FIG. 8 is a block diagram of one embodiment of the present invention.
Described herein is a method and apparatus for matching the variable impedance of a load with the fixed impedance of a radio frequency (RF) power generator (“generator”) to provide maximum power transfer from the generator to the load, where the generator varies the frequency of the voltage applied to the load. In the following description, numerous specific details and examples are set forth in order to provide a thorough understanding of the present invention. It will be apparent, however, to one of ordinary skill in the art that the present invention may be practiced in this or related fields without this specific information. In other instances, well-known circuits, components, and techniques have not been shown in order not to unnecessarily obscure the present invention.
The increasing complexity of present and future generation plasma processing requirements significantly impacts the performance requirements of radio frequency (RF) power generators and related impedance matching networks used in this field. Plasma processing equipment manufacturers continue to reduce process times, modify plasma chamber pressures and gas compositions, and decrease plasma chamber cleaning cycle times in order to increase throughput, provide consistent production and reliable performance. To that end, prior art motor driven impedance matching networks are being replaced by faster, electronically controlled impedance matching networks. As the block diagram in FIG. 2 illustrates, an embodiment of the present invention provides a solid state impedance matching network 220 (“network 220”) that employs no moving electrical or mechanical parts to maintain an input impedance of, for example, 50 ohms, and allows an RF power generator 210 (“generator 210”) to vary the frequency of the applied voltage around a base frequency to achieve, among other things, plasma ignition in the plasma process chamber 230 (“plasma chamber”).
FIG. 3 is an electrical schematic representing the RF power generator 210, impedance matching network 220, connector 215 connecting generator 210 to network 220, and plasma processing chamber 230 coupled to network 220. The generator 210 is comprised of an alternating current power supply 301 and internal impedance 302. The power provided by the generator 210 is variable from 0 watts to 5 kilowatts or more. The generator base frequency is arbitrary. However, it is common practice in the semiconductor industry to use the ISM frequency of 13.56 MHz. The generator's internal impedance 302 generally is 50 ohms, but the impedance could be any value, as long as the cable 303 delivering power to the network 220 has the same characteristic impedance.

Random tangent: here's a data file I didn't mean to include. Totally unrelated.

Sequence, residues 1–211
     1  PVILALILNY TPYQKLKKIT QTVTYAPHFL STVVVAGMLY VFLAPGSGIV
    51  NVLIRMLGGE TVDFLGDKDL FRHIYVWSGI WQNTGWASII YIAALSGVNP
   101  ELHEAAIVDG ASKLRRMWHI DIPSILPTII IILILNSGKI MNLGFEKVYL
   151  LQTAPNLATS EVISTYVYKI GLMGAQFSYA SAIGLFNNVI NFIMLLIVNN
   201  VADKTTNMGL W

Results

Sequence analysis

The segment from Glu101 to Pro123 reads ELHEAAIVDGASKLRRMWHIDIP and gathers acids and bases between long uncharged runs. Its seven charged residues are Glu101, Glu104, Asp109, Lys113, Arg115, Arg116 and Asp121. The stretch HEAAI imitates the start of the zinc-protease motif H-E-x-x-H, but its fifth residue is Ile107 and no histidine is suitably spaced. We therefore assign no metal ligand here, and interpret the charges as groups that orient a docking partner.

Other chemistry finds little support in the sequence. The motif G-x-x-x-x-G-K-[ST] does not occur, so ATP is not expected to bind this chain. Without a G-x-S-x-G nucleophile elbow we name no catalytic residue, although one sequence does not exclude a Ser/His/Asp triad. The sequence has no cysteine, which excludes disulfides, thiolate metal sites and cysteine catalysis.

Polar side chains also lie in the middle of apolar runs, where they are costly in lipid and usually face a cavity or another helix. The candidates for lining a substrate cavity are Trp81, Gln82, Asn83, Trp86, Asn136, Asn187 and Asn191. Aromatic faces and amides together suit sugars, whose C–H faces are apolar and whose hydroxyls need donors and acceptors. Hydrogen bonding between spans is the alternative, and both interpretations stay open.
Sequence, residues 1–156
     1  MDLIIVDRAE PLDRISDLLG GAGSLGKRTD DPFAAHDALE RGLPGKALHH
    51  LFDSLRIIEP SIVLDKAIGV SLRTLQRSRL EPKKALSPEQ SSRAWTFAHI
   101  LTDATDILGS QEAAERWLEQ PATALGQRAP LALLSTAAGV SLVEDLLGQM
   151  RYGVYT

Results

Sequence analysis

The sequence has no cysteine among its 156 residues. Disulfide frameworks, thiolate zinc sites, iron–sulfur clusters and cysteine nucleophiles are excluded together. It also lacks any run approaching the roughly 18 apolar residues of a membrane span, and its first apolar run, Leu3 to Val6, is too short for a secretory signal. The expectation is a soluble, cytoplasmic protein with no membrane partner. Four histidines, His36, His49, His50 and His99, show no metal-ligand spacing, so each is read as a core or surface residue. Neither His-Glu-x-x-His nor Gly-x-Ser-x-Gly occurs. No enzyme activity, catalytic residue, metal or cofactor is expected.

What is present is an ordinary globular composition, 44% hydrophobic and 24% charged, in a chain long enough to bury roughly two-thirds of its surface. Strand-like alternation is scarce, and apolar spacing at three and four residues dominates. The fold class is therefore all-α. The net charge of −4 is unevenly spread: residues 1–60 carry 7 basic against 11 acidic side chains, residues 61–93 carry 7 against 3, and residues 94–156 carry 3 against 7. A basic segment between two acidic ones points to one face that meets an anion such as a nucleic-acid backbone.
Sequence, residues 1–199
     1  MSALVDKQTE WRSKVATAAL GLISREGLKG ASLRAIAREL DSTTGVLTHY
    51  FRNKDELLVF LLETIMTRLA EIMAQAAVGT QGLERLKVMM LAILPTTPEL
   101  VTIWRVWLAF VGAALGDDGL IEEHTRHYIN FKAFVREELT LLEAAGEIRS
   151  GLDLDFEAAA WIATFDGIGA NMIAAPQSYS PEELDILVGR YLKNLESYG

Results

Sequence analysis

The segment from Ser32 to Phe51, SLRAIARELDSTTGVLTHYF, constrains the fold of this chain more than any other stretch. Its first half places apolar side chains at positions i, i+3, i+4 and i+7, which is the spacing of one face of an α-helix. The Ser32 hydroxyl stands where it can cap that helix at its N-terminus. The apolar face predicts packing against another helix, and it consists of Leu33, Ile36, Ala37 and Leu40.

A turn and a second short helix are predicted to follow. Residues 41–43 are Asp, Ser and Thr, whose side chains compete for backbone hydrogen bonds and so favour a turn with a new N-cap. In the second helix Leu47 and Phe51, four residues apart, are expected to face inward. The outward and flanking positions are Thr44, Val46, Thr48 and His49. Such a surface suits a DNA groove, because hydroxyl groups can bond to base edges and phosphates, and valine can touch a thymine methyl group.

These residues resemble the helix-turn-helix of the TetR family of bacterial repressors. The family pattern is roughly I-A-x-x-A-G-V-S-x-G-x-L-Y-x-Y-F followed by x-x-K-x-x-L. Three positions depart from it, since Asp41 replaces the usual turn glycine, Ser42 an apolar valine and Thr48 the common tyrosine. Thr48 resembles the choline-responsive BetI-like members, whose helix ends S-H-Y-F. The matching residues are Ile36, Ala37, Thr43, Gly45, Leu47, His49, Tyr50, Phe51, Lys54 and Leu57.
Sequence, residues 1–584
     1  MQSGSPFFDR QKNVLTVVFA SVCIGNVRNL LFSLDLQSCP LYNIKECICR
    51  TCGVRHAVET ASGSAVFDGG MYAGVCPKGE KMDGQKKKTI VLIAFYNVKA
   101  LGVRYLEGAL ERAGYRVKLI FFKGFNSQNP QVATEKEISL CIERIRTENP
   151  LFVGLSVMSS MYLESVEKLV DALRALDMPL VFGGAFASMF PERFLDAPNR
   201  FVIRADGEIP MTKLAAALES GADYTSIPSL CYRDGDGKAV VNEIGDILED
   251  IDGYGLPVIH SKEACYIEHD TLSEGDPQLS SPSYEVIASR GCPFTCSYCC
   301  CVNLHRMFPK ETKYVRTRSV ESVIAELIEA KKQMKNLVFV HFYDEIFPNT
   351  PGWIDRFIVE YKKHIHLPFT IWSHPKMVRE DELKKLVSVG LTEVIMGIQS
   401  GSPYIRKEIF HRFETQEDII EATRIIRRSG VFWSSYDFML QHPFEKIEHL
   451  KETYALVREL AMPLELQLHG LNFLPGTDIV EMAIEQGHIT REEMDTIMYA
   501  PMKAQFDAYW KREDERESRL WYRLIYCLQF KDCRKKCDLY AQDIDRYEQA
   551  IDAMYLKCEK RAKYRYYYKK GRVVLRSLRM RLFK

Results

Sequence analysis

Within the impedance matching network 220, RF transformer 305 may or may not be utilized. The purpose of transformer 305 is to further transform the input impedance from 50 ohms to some lower value, e.g., 12.5 ohms, so that the portion of the impedance matching network to the right of the transformer 305 will operate at a lower impedance level.
A capacitance 306 is comprised of at least one fixed-value capacitor 312. In one embodiment, an additional number of capacitors may be coupled in parallel to capacitor 312, as is illustrated by capacitor 313. Sufficient capacitors may be coupled in parallel to capacitor 312 to provide, for example, 8, 16, or more discrete values. The capacitors are electrically and individually switched by respective switches in switch circuit 304. In one embodiment, diodes with a large intrinsic region between p- and n-doped semiconducting regions, hereafter referred to as PIN diodes, may be utilized to provide the switching function. In a second embodiment, switch circuit 304 is comprised of RF relays. Optional inductance 307 is a fixed value as well. The value of resistance 309 is selected to maintain the capacitance 306 discharged under no plasma ignition conditions. The portion of network 220 comprised of capacitance 306, induction 307, and capacitance 308 is a typical L-type impedance matching network configuration. With respect to the plasma chamber 230, capacitive component 310 and resistive component 311 are the equivalent capacitance and resistance representing a plasma chamber when ignited. The same principle as discussed above could be used for different matching network configurations such as II-sections etc.